What do you think about your relationship with the practice of biting one’s tongue? I ask that question in that way for a very specific reason because I’d want to know the relationship between you and that concept. If you were to consider it as though the concept itself were a living being, would you be friends with it or not?
Do you always bite your tongue or do you openly express every single thought you’ve ever had? Recognizing these two options as the polar opposites on the “verbal restraint spectrum,” where do you fit between them? Personally, I find that the older I get, the easier it is to keep my mouth shut, contrary to what some may say otherwise. I’ve become especially attentive to noticing whether or not anything I might have to add would actually change anything.
Frankly, I don’t want to waste my breath unless it’s useful to do so.
Of course, that is my intended practice. It’s not always easy to follow. Sometimes, when I see something unloving or unknowledgeable online, I feel compelled to “correct” them. But does that way of thinking about it, or approaching a debate situation as a form of “schooling” someone, actually help? Instinctively, I would think not. But practically, I wonder what other options we have.
It is our duty to speak out when we see injustice occurring, whether to ourselves or someone else. It is our human obligation to be as knowledgeable as possible about other ideas, traditions and philosophies. It is a commandment to love one another as we are meant to love ourselves.
So, what is the responsibility of that love? If we expect to participate in it, what is our job in that? The fact is, we must speak uncomfortable truth to any power that seeks to cause division among us. That’s not a time for silence. We must speak in our own defense, and sometimes that of others, when confronted. We must also listen to the charges against us for any seed of truth within them. Be humble. In these times, we must speak less and listen more. Because much of what’s occurring these days would be greatly helped by a little more listening.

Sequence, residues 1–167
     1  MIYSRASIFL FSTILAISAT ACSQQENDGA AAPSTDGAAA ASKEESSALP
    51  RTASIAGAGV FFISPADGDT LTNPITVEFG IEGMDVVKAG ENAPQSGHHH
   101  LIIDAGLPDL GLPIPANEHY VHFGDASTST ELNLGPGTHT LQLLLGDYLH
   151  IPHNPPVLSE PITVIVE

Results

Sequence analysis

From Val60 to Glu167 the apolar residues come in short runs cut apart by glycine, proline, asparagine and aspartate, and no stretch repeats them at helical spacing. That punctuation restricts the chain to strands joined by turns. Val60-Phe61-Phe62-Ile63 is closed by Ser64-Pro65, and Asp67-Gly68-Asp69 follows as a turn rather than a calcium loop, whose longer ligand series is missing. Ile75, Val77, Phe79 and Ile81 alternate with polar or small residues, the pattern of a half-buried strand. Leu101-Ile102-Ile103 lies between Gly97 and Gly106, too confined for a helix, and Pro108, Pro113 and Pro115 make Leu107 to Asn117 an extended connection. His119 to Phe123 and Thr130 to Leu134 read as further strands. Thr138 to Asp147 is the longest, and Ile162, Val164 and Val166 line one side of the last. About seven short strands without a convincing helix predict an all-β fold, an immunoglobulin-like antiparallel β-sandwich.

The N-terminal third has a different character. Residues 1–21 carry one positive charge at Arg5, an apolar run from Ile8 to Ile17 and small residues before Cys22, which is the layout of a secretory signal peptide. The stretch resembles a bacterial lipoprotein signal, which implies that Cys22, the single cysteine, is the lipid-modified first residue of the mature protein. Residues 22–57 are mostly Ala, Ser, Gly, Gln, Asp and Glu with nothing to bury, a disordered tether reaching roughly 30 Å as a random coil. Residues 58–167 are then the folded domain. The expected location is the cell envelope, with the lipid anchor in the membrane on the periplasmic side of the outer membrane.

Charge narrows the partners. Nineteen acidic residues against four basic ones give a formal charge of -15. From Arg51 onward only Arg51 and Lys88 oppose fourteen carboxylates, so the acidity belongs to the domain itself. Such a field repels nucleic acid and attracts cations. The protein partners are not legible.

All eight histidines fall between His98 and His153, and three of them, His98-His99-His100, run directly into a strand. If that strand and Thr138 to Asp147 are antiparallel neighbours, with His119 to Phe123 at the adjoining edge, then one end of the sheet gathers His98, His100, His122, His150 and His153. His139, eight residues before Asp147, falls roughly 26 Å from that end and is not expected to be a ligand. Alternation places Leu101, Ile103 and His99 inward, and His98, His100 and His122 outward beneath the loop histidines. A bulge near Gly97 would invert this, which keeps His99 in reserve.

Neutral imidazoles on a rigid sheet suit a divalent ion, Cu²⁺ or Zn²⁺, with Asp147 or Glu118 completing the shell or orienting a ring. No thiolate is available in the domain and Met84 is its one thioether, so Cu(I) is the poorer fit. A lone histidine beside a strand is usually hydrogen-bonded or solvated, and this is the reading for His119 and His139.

We don’t know what we don’t know. Be open to finding it out.
Why do we feel we must always chime in? Why do we feel that we must always add our two cents worth of commentary to a contentious debate, or waste our breath on fighting old, outdated ideas that are already on their way to extinction with or without our help? Some issues don’t need to be debated as much as to be deemed irrelevant. They’re not worth our time.
I’d guess about 75% of the debates and conflicts we witness on a daily basis are not worth our spit. They’re not worth our stress or sleeplessness. They don’t deserve our attention, which only serves to prolong their existence. Chime out on them rather than in. Scroll past.
There’s a line in the sand somewhere, beyond which are things we need not debate any longer or are just the ramblings of sad, old ideologies that have long since lost their ground. On this side of the line remains everything we must attend to, everything we must speak to. Don’t let your ego decide where that line is. You don’t have to be seen as correct in other people’s eyes, epecially those that remain closed. If their opinion is unloving, consider first if you have the power to persuade them otherwise. If you don’t, gauge if it’s worth your energy to say something. Or perhaps the middle ground is attempting to share your opinion as though it was a show-and-tell exercise rather than a debate, argument or competition.
No one needs to win a show-and-tell — it’s just sharing. Religion, as well as politics, could benefit from a bit more of that.
The point here is to conserve your energy for the future. Put your attention on facing forward, not back. Be a wind in the sail of progress. Be more careful about weighing in on a subject that isn’t helped by your presence, or that is already being adequately well-argued by someone else. Save your mojo for the discussions, debates and challenges that serve as the gateways to our future.
The future is as malleable as it ever has been in human history. Anything is possible now. Things that have harmed us from the shadows are now being seen in the light of day in ways we’ve never experienced before. Be encouraged by that. Assume there’s benevolence at work here.
Preserve yourself from stabbing at dinosaurs. Their time is limited, and you both may as well go about your business in peace. Standing back far enough to look clearly and broadly at the timeline of human history, it’s clear their fate is already written. Your continued confrontation only falsely sustains their existence. Turn the other cheek from them.Remember that your attention alone has power. Use it to attend to something higher.
Wil Darcangelo, M.Div., is the minister at First Parish UU Church of Fitchburg and of First Church of Christ Unitarian in Lancaster, and producer of The UU Virtual Church of Fitchburg and Lancaster on YouTube. Email email@example.com. Follow him on Twitter @wildarcangelo. His blog, Hopeful Thinking, can be found at www.hopefulthinkingworld.blogspot.com.